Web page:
It took over six months to diagnose my pancreatic cancer
Around one in three pancreatic cancer patients visits the GP three or more times before being referred to a specialist. Chris edmonds was one of them
one woman shares her experience
Chris, 64, from Warwickshire, is married with two children and two grandchildren, and works as an educational consultant.
the first symptom, in summer
2014, was a “fluttering” below my right rib. i didn’t dwell on it as i was busy with preparations for my daughter naomi’s wedding, husband Graham’s milestone birthday and an Ofsted inspection. ironically, my brother-in-law, dave, had been diagnosed with pancreatic cancer a year earlier and had only months to live. But i’d always been healthy.
the symptoms persisted and by October i’d begun to experience discomfort across my back. i saw the GP, who didn’t think it much to worry about, but did a blood test and prescribed a reflux medicine, saying if this didn’t help within a fortnight to come back. i went back, this time seeing a locum who ordered an ultrasound scan. while waiting for the scan, my symptoms became worse with sensations that i can only describe as like trapped wind in my upper back, especially at night. i had the scan but there was too much gas in my abdomen for the pancreas to be seen properly.
Back at the surgery a third time, i was referred to a gastroenterologist. i’d begun to suspect pancreatic cancer, but it seemed too much of a coincidence with dave. the consultant didn’t seem unduly concerned and said to return after Christmas if there was no improvement, when a Ct scan could be arranged.
Over Christmas, the whole family had a vicious stomach bug so i attributed the diarrhoea i’d now developed to that.
Finally, in February, i had the Ct scan. two days later, i got a call asking me to see the gastroenterologist that evening. My worst fears were realised: it was pancreatic cancer.
i grabbed Graham’s hand. we both knew the statistics only too well. eight out of ten patients are not diagnosed until the cancer is at an advanced stage, meaning surgery is not an option. And only 20% of those diagnosed survive one year or more, while less than 7% survive five years, figures that have barely shifted in 40 years. i couldn’t bear that my lovely husband, having just lost his brother, was now facing losing his wife. Our daughter, naomi, had just told us she was expecting our first grandchild. it should have been a joyous time, but instead i was having to break it to our children that i might not survive the year.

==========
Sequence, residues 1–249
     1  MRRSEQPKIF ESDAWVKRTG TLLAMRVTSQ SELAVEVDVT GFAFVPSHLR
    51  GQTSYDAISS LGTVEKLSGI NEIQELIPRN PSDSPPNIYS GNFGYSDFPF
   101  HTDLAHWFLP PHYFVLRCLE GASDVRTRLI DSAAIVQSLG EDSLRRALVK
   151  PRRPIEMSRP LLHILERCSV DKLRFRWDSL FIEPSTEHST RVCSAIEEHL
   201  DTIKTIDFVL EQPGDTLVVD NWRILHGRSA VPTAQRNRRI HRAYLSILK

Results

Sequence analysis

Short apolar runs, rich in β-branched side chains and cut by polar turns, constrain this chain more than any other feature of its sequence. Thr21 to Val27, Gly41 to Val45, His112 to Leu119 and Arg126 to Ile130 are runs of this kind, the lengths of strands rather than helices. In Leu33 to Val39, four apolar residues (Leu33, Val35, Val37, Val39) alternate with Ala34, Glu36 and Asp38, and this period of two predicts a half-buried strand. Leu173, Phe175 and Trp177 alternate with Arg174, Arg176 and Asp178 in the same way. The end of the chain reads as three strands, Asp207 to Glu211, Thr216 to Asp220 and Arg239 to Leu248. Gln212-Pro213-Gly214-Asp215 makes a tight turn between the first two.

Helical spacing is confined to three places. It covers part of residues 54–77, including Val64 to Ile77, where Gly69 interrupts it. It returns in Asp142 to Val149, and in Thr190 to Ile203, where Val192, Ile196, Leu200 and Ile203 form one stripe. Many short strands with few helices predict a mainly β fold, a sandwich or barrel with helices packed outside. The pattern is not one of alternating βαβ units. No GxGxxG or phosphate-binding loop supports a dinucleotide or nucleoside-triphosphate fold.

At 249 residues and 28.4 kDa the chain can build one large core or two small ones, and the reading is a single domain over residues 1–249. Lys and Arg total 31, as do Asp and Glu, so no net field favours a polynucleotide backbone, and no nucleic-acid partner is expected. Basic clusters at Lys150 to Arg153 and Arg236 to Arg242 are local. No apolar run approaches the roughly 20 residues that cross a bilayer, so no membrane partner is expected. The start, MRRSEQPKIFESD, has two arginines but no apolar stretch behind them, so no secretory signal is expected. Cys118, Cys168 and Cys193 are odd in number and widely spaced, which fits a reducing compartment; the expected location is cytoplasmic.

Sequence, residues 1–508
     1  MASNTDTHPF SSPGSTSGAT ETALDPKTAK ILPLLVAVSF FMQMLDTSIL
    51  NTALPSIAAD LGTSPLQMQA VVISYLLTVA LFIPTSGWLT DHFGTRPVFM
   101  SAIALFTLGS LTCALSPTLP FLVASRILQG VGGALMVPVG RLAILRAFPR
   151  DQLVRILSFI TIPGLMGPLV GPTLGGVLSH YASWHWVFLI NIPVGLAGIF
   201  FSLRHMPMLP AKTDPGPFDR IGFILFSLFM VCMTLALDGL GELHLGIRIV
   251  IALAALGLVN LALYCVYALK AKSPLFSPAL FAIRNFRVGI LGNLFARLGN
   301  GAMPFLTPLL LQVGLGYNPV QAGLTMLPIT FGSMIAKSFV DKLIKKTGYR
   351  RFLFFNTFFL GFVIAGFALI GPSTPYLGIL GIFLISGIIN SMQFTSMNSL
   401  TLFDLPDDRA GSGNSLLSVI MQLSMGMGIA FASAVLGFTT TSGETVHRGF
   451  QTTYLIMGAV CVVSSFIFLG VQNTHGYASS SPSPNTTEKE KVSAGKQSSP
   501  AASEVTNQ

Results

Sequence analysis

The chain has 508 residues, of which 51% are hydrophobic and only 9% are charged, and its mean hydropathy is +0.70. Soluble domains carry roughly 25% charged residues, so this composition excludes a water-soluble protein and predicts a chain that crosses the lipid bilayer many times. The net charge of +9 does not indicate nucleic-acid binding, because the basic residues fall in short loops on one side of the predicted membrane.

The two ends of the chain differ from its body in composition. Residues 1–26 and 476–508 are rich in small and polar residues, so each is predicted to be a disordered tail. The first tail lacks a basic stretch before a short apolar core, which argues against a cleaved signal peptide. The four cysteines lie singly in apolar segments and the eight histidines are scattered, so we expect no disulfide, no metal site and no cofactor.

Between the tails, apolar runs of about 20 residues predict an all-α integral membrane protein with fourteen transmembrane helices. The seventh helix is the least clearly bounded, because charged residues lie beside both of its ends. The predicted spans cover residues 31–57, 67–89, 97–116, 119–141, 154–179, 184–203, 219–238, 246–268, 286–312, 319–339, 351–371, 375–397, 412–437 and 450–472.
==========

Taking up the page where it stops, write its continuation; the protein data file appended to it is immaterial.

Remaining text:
i was referred to Queen elizabeth Hospital Birmingham, where i learnt that my tumour was entangled around two major blood vessels – meaning i was unsuitable for surgery. But the news >>
The consultant didn’t seem concerned
wasn’t all bad. Just two years earlier, nothing could have been done. But now there was Folfirinox, a combination of four chemotherapy medications, which might shrink the tumour to the point where surgery might be an option. But, i was warned, it can cause severe side effects – so is only an option for people who are otherwise fit and well. Luckily, i fitted the bill.
i started chemo in march 2015 and didn’t feel sick, lose all my hair or my appetite. By June, the tumour had shrunk and the doctors thought they could operate. By this time my son, nicholas, 33, was engaged to his fiancée, Katharine, 30, and had hastily arranged a July wedding, hoping i would still be alive. after more chemotherapy to prevent the tumour growing back, i was able to be there. it was a wonderful occasion and i danced until midnight.
two weeks later, i was admitted for the long and complex whipple procedure – the most common operation for pancreatic cancer. it involves removing the head (wide part) of the pancreas, the gall bladder, the duodenum (first part of the small intestine), a small portion of stomach called the pylorus, and lymph nodes near the head of the pancreas. the surgeon then reconnects the remaining pancreas and digestive organs.
i was expecting to lose my pancreas, possibly my gall bladder and definitely my spleen. i knew, too, that removing the pancreas, which controls insulin and blood glucose, can trigger diabetes. But they discovered the tumour had shrunk – so incredibly only part of my pancreas was removed and no other organs. today, although lth ugh i have a replumbed digestive system and have to take pancreatic enzymes to enable digestion, i don’t have diabetes, and feel well. i swim, walk my beloved dog and am getting back into yoga. i had a check-up two months ago and the signs are so encouraging that i now only need check-ups once a year.
with hindsight, i realise i had not been “me” for some time and should have persisted in conveying that from the outset. my message to other women? Listen to your body – if you have unusual symptoms, seek medical advice.
Chris Edmonds still leads a normal life
Happy families, Chris at son Nicholas’s wedding; with granddaughter Jessica